Managing Systems with Ansible

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Ansible provides an Open Source tool for provisioning, configuring and orchestrating changes on systems that is fundamentally much simpler and more flexible than older tools such Puppet and Chef. This makes it suitable for a very wide range of requirements, from setting up a few workstations to deploying applications and updates across hundreds or thousands of servers.

How Ansible Works

Unlike most other products in this area, Ansible does not require a central service or use dedicated agents on each system. Instead, you only install Ansible and your configuration on a control machine, which can just be the workstation of an administrator. Each time that you perform an operation with Ansible, it connects to the required systems and streams code to a standard run-time that is already installed on the target. The managed systems are referred to as nodes.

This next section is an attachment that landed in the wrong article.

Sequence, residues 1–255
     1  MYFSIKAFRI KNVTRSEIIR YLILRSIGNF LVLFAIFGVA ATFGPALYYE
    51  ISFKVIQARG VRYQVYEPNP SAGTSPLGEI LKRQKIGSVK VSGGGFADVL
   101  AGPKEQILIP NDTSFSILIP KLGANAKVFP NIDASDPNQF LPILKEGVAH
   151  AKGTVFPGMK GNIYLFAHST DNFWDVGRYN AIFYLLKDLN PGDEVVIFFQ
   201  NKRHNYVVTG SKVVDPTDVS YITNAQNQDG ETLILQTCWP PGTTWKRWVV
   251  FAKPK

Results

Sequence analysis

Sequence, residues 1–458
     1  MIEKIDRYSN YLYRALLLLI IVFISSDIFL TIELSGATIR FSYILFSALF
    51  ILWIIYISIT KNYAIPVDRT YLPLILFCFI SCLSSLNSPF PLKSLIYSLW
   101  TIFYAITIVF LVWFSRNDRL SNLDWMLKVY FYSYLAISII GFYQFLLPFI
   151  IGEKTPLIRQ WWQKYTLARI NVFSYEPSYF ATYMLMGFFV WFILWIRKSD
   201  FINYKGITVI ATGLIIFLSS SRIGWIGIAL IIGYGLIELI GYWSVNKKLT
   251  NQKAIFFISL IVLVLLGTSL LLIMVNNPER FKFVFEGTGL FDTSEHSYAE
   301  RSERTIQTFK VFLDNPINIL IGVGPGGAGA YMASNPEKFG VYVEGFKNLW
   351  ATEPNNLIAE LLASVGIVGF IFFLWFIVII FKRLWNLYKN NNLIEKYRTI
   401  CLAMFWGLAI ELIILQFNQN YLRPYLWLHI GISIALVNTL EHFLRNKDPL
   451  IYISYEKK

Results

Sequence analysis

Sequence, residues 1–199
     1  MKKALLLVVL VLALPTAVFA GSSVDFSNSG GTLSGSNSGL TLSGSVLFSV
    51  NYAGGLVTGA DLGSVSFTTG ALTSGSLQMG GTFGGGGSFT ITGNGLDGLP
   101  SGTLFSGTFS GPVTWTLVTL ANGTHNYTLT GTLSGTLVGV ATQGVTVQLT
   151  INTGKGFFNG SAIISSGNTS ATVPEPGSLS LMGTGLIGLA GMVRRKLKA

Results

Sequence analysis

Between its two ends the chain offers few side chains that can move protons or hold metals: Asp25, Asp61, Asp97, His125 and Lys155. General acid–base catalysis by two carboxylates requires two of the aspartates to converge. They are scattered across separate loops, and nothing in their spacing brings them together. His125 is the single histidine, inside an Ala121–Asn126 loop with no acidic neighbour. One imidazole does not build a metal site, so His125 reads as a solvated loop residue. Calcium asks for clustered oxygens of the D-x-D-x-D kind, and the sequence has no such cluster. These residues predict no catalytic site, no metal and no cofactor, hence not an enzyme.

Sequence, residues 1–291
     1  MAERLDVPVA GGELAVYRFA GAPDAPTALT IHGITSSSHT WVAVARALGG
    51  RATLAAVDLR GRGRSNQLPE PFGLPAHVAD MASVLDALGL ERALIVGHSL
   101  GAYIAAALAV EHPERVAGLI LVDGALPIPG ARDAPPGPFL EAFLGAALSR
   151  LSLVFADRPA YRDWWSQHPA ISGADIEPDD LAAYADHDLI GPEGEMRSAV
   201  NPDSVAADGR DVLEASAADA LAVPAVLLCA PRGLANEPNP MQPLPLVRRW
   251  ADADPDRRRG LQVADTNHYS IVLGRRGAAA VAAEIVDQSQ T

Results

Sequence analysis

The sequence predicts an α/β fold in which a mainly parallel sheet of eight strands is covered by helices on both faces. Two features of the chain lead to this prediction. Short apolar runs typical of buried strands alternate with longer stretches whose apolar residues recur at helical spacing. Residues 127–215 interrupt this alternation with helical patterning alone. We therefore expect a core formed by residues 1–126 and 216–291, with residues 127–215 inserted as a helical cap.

Most Ansible modules connect to the target systems with SSH and run Python 2, both of which are installed on most Linux systems, and are part of macOS. There are also modules to execute actions with more basic methods, such as the Bash shell that is the default for both macOS and GNU/Linux distributions. The Ansible modules for managing Microsoft Windows systems send commands to PowerShell, using the PowerShell remoting facility. This means that you can manage almost any system with Ansible, possibly starting with low-level modules, and using them to install the prerequisites for the more complex operations.

If you do need a central service for coordinating changes or maintaining detailed inventories of systems, Red Hat offer Ansible Tower, but this product is not needed for any of the features of Ansible itself.

Setting Up A macOS Control Machine

To set up Ansible on a macOS workstation using Homebrew enter these commands in a terminal window:

brew update && brew install ansible